Food allergy is defined as an adverse health effect arising from a specific immune response that occurs reproducibly on exposure to a given food. Food intolerance, certain gastrointestinal or systemic diseases are often confused with or mislabeled as food allergy because of symptomatic similarity and general improvement from food avoidance. The differences between these diseases are crucial.
Compared with many food-related diseases that are isolated to gastrointestinal organs, food allergy can affect not only local but the whole immune system and may lead to a life-threatening allergic reaction, known as anaphylaxis. In this review, the differentiation between food allergy, food intolerance, and other comparable diseases is discussed.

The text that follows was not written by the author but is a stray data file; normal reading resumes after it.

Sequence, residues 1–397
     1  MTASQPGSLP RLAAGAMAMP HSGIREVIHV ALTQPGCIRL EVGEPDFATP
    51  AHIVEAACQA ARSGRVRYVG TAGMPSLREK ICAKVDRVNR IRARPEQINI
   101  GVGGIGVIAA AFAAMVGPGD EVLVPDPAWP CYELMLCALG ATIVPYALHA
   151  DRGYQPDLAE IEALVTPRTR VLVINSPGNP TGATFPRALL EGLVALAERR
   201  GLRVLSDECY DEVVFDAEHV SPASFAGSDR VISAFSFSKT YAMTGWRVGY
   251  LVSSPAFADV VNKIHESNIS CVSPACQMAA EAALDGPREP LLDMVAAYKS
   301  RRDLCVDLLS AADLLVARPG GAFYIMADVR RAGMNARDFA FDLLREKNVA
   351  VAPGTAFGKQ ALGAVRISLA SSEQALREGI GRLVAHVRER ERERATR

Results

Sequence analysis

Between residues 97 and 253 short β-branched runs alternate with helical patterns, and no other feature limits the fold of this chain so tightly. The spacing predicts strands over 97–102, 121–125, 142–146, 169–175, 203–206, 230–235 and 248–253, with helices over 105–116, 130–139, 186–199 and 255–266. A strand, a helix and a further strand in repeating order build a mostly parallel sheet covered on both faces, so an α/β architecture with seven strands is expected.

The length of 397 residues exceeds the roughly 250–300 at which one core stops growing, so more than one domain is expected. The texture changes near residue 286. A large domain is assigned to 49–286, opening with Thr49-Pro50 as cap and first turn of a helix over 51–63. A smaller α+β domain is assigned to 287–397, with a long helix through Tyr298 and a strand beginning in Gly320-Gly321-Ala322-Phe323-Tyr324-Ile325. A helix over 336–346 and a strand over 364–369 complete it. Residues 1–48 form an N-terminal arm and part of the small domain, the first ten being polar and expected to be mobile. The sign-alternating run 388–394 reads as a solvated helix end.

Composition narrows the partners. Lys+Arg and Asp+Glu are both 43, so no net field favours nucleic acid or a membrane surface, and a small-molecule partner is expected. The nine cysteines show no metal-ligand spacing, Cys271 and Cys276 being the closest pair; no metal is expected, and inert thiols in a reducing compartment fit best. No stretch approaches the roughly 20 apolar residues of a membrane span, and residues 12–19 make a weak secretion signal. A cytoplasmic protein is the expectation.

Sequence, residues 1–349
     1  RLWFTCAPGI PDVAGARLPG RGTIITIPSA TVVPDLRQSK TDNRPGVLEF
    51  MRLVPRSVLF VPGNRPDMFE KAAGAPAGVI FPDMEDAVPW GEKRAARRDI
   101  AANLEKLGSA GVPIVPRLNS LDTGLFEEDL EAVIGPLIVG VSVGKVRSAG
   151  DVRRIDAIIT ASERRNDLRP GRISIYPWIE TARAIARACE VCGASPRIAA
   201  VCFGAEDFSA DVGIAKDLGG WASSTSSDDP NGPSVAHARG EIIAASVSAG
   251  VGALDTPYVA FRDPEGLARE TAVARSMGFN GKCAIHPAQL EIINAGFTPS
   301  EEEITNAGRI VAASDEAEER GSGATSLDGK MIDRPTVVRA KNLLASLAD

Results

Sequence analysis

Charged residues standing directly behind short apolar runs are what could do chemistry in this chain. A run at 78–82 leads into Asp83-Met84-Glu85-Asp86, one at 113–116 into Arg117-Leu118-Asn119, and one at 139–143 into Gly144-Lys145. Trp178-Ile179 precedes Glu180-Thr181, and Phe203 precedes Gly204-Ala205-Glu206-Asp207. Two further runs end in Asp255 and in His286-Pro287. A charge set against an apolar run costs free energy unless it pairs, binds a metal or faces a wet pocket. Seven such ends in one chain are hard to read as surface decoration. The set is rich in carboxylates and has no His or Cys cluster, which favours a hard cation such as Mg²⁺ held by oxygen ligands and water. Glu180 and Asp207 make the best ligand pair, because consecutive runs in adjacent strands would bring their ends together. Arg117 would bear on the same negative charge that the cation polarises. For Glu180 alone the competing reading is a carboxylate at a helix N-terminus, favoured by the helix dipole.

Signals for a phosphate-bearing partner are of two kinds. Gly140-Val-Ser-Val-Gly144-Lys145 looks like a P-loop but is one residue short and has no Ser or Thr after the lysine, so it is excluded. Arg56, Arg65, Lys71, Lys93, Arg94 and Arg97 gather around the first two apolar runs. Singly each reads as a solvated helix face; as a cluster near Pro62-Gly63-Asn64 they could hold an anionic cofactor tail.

With recent medical advances reflecting on the importance of accurate diagnosis in food hypersensitivity, healthcare providers who are treating food hypersensitivity should familiarize with latest science progress, identify and treat active disease, and refer to appropriate specialists if needed.
Division of Allergy and Immunology, Department of Medicine, Houston Methodist Hospital, Houston, Texas, USA
Correspondence to Chen Hsing Lin, MD, 6550 Fannin Street, Suite 1001, Houston, TX 77030, USA. Tel: +1 713 790 3311; e-mail: firstname.lastname@example.org